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Miss Bertram know how your time is engaged, my good friend ?”

“Surely not as yet-Mr Charles recommended it should be concealed from her, lest she should scruple to accept of the small assistance arising from it; but,” he added, “it would not be possible to conceal it long, since Mr Charles proposed taking his lessons occasionally in this house." -.", he does !” said Mac-Morlan: “Yes, yes, I can understand that better.-And pray, Mr Sampson, are these three hours entirely spent in construing and translating?" · "Doubtless, no—we have also colloquial intercourse to sweeten study-neque semper arcum tendit. Apollo."

The querist proceeded to elicit from this Galloway Phæbus, what their discourse chiefly turned upon. ...“Upon our past meetings at Ellangowan--and, truly, I think very often we. discourse concerning Miss Lucy-for Mr

Charles Hazlewood, in that particulas, resembleth me, Mr Mac-Morlan. When I begin to speak of her I never know when to stop-and, as I say, (jocularly) she cheats us out of half our lessons.” ." o ho !” thought Mac-Morlan, “ sits the wind in that quarter? I've heard something like this before,”.

He then began to consider what conduct was safest for his protegée, and even for himself; for the senior Mr Hazlewood was powerful, wealthy, ambitious, and -yindictive, and looked for both fortune and title in any connection which his son might form. At length, having the highest opinion of his guest's good sense and penetration, he determined to take an opportunity, when they should happen to be alone, to communicate the matter to her as a simple piece of intelligence. He did so in as natural a manner as he could ; -" I wish you joy of your friend Mr Sampson's good fortune, Miss Bertram ; he has got a pupil who pays him two guineas for twelve lessons of Greek and Latin." .“ Indeed !-I am equally happy and surprised-who can be so liberal ?-is Colonel Mannering returned ?”. ...“ No, no, not Colonel Mannering; but what do you think of your acquaintance, Mr Charles Hazlewood ?-He talks of taking his lessons here-I wish we may have accommodation for him.”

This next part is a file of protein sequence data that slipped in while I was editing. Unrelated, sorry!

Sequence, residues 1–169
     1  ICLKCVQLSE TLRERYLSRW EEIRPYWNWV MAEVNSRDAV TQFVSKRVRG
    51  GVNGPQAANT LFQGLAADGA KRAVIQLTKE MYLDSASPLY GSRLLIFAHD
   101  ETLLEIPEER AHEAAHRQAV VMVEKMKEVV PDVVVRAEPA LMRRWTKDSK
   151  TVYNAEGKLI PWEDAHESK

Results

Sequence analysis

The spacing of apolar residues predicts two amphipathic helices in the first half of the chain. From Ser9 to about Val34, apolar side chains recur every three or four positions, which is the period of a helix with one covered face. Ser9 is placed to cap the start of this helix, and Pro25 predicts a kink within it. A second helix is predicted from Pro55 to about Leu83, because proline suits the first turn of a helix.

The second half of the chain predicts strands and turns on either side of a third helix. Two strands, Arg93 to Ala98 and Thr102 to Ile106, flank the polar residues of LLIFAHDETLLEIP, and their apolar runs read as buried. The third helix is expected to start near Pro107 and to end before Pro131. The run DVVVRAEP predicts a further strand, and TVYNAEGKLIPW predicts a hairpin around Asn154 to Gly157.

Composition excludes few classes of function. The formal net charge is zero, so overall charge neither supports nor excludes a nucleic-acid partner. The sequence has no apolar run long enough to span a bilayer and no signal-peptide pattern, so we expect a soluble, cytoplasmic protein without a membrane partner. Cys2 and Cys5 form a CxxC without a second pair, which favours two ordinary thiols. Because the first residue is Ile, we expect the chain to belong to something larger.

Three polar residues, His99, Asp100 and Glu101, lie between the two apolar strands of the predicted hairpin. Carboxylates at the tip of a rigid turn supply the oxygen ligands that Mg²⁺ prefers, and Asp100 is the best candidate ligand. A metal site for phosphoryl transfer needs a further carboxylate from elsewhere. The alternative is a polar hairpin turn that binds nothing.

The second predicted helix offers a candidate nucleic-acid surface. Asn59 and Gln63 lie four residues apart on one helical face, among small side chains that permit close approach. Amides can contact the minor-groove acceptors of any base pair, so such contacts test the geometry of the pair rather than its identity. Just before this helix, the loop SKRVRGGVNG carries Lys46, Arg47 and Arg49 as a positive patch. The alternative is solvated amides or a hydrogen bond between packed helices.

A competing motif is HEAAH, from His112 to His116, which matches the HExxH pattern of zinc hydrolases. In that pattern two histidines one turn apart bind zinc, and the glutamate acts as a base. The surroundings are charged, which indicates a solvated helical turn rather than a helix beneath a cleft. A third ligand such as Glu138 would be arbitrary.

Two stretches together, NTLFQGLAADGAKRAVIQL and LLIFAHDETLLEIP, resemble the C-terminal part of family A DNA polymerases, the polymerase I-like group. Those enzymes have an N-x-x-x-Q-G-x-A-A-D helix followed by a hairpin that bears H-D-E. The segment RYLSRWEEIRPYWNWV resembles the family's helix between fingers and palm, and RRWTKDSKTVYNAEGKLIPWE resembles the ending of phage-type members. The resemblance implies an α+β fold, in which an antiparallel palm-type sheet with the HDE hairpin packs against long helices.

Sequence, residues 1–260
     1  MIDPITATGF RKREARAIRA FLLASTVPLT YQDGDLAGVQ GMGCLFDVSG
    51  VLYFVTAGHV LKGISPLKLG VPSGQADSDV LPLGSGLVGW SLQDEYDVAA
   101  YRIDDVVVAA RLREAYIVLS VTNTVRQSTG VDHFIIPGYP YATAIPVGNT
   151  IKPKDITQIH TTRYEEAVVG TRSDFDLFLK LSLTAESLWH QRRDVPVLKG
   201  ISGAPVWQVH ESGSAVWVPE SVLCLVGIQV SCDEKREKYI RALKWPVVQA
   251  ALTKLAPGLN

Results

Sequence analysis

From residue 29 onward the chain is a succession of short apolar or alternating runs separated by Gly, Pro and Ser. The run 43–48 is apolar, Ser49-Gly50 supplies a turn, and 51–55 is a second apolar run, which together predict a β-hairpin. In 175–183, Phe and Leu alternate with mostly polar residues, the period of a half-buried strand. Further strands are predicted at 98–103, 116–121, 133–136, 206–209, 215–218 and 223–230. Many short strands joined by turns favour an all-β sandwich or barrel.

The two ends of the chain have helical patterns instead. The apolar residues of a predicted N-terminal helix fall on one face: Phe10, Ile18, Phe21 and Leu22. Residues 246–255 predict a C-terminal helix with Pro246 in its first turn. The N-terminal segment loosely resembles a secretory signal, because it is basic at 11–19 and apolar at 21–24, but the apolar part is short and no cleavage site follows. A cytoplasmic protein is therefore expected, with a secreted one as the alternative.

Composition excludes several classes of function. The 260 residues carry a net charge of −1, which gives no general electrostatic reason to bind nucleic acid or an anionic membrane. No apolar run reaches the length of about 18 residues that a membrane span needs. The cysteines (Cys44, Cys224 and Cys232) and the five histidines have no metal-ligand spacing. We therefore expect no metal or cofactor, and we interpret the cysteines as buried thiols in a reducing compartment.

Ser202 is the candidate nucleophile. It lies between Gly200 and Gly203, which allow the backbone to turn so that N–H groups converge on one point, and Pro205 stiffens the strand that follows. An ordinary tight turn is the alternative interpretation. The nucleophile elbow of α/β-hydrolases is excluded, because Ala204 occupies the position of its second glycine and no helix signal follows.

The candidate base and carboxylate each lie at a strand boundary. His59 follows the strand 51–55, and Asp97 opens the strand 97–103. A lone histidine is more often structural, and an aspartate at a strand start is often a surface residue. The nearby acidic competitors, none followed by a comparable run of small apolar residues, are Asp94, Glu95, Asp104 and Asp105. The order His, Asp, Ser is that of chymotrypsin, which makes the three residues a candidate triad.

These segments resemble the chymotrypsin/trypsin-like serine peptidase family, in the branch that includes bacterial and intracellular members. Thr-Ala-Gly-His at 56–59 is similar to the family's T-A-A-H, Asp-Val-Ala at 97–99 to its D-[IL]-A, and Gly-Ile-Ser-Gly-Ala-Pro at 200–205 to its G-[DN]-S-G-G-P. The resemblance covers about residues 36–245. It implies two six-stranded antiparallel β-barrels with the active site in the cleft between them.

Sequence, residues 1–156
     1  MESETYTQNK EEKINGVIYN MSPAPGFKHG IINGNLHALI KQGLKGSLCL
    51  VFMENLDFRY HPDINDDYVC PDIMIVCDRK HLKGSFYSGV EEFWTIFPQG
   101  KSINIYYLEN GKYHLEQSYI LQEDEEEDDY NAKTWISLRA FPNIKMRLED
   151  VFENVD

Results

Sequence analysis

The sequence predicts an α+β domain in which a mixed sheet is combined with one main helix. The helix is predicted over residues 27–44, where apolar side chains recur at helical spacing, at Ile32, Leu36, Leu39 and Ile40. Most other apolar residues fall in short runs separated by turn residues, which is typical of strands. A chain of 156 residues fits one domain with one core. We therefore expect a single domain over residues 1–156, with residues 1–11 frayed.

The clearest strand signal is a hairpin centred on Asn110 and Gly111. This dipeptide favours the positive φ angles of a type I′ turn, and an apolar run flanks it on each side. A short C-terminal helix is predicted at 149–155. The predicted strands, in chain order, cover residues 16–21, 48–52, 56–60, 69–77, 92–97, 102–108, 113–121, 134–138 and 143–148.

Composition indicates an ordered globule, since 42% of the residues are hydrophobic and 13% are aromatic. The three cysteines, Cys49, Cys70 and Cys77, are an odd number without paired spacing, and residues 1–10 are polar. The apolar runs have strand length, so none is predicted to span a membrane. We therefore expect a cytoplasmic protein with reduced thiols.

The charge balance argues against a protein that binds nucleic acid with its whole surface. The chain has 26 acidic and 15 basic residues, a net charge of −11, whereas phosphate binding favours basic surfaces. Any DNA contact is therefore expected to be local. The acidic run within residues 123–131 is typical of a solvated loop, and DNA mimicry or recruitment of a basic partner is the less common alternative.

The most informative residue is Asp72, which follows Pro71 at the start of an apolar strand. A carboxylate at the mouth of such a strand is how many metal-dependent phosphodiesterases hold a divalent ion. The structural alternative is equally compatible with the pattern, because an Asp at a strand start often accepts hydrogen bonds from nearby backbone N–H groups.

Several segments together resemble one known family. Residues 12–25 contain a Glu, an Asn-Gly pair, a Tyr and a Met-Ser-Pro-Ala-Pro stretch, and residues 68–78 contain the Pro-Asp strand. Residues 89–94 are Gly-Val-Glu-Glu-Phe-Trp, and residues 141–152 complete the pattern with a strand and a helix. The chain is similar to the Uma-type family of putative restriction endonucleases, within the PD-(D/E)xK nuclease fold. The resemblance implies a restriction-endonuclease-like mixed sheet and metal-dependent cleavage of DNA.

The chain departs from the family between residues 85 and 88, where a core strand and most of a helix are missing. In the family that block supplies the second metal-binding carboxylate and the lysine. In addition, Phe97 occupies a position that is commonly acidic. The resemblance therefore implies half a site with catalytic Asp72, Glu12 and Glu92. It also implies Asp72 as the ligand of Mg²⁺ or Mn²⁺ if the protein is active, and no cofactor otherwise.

Lucy blushed deeply. “For Heaven's sake, no, Mr Mac-Morlan--do not let that be-Charles Hazlewood has had enough of mischief about that already.”

" About the classics, my dear young. lady - most young gentlemen have so at one period or another, sure enough; but his present studies are voluntary." , - Mis Bertram let the conversation drop, and her host made no effort to renew it, as she seemed to pause upon the intelligence in order to form some internal resolution.

The next day she took an opportunity of conversing with Mr Sampson. Espressing in the kindest manner her grate. ful thanks for his disinterested attache ment, and her joy that he had got such a provision, she hinted to him that his present mode of superintending Charles Hazlewood's studies must be inconvenient to his pupil, -that while that engagement lasted, he had better consent to a tempo rary separation, and reside either with his scholar, or as near him as might be. Sampson refused, ąs indeed she had ex. pected, to listen a moment to this proposition-he would not quit her to be made preceptor to the Prince of Wales. '" But I see,” he added, “ you are too proud to share my pittance ; and, peradventure, I grow wearisome unto you."

“No indeed—you were my father's ancient, almost his only friend I am not proud--God knows, I have no reason to be so-you shall do what you judge best

in other matters; but oblige me by telling Mr Charles Hazlewood, that you had some conversation with me concerning his studies, and that I was of opinion, that his carrying them on in this house was altogether impracticable, and not to be thought of.”: Dominie Sampson left her presence als together crest-fallen, and, as he shut the door, could not help muttering the “varium et mutabileof Virgil. Next day he appeared with a very rueful visage, and tendered Miss Bertram a letter.---- Mr Hazlewood,” he said, "was to discontinue his lessons, though he had generously made up the pecuniary loss,But how will he make up the loss to himself of the knowledge he might have acquired under my instruction? Even in that one article of writing, he was an hour before he could write that brief note, and destroyed many scrolls, four quills, and some good white · paper--I would have taught him in three weeks a firm, current, clear, and legible.

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